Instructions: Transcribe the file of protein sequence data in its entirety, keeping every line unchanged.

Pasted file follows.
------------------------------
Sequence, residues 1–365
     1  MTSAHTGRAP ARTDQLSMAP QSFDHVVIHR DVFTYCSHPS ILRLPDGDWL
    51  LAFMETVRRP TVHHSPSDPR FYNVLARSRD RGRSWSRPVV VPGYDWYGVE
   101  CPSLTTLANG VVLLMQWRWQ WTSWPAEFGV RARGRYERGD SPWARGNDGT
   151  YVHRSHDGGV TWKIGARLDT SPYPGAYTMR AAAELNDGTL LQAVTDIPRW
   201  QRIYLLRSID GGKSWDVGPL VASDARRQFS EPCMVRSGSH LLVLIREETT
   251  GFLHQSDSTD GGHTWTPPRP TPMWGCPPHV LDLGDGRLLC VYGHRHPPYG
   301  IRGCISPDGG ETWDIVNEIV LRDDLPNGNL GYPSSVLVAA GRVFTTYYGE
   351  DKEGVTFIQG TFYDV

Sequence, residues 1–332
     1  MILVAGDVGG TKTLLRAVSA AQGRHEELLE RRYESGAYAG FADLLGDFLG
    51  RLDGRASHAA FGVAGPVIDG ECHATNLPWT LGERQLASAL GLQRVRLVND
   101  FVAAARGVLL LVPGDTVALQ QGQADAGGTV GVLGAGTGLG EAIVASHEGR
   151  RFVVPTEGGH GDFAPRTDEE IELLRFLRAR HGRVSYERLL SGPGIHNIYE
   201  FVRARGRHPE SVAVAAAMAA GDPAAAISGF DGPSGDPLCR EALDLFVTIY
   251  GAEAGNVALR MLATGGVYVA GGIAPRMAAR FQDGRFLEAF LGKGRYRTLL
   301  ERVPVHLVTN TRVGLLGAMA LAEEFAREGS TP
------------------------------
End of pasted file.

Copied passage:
Sequence, residues 1–365
     1  MTSAHTGRAP ARTDQLSMAP QSFDHVVIHR DVFTYCSHPS ILRLPDGDWL
    51  LAFMETVRRP TVHHSPSDPR FYNVLARSRD RGRSWSRPVV VPGYDWYGVE
   101  CPSLTTLANG VVLLMQWRWQ WTSWPAEFGV RARGRYERGD SPWARGNDGT
   151  YVHRSHDGGV TWKIGARLDT SPYPGAYTMR AAAELNDGTL LQAVTDIPRW
   201  QRIYLLRSID GGKSWDVGPL VASDARRQFS EPCMVRSGSH LLVLIREETT
   251  GFLHQSDSTD GGHTWTPPRP TPMWGCPPHV LDLGDGRLLC VYGHRHPPYG
   301  IRGCISPDGG ETWDIVNEIV LRDDLPNGNL GYPSSVLVAA GRVFTTYYGE
   351  DKEGVTFIQG TFYDV

Sequence, residues 1–332
     1  MILVAGDVGG TKTLLRAVSA AQGRHEELLE RRYESGAYAG FADLLGDFLG
    51  RLDGRASHAA FGVAGPVIDG ECHATNLPWT LGERQLASAL GLQRVRLVND
   101  FVAAARGVLL LVPGDTVALQ QGQADAGGTV GVLGAGTGLG EAIVASHEGR
   151  RFVVPTEGGH GDFAPRTDEE IELLRFLRAR HGRVSYERLL SGPGIHNIYE
   201  FVRARGRHPE SVAVAAAMAA GDPAAAISGF DGPSGDPLCR EALDLFVTIY
   251  GAEAGNVALR MLATGGVYVA GGIAPRMAAR FQDGRFLEAF LGKGRYRTLL
   301  ERVPVHLVTN TRVGLLGAMA LAEEFAREGS TP